Inside ski gloves and a woollen liner, my hands clamped around the shovel with decreasing feeling. Lean, scoop, lift, toss. I was clearing the driveway in case the roads got cleared in case we wanted to drive somewhere which we couldn’t. It seemed like the thing to do.
The neighborhood had turned into a sculpture of every size of mound, the snow, light and fluffy in the cold, turned the railings alongside the steps up to the the Donnellys’ house into thick, long lumps. Our car was a round, curved heap that looked like a kiva or a beehive. The street was framed by a low, clumsy fence where the snowplow had made a pass early in the storm, left a riffle of snow where more piled on, and more, and more.
I wasn’t making much progress. I had nowhere to dump the snow once I got it on the shovel, except in the street where I would have to drive over it. Ordinary life was stopped. No school, no traffic, no work. I stood up, stuck the shovel into the heap I’d made and gave in to the day.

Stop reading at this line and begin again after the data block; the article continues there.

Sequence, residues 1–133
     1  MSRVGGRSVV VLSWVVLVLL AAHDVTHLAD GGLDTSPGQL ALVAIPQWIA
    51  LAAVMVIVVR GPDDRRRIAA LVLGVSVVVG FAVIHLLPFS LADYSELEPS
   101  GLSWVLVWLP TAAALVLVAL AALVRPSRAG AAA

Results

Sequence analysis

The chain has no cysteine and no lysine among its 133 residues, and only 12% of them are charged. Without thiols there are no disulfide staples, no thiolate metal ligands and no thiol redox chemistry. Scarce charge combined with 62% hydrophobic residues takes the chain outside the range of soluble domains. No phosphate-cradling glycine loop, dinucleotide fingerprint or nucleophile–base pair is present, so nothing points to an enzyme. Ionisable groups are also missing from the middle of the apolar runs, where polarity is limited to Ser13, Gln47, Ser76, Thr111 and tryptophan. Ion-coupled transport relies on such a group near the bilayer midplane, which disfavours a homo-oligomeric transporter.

The sun was out, the landscape glowing brilliant white, the air brisk and bracing and exhilarating. It hurt to bring the air through my nostrils. I retied my fluffy, blue scarf around my neck, ran up the front steps and opened the door to the house. It took half an hour of unlacing boots, stamping snow off my snow pants, rousting out the girls, hunting down the cross-country skis, relacing us all into our gear. But finally, breakfast finished, dishes thrown into the sink, we set out on our skis down the magic, silent street, lined with trees plumed and enveloped in white, past Betty’s, then the new neighbors across the street, our skis making a soft whoosh in the powdery snow that had not one drop of melting anywhere, not one little rivulet or rush of water emerging from the great, smooth surface of the blizzard’s layered snow, because, although we were warm inside our clothes from the exercise, our breaths floating past our cheeks, the town of Beverly, the Commonwealth of Massachusetts, the whole world, was frozen.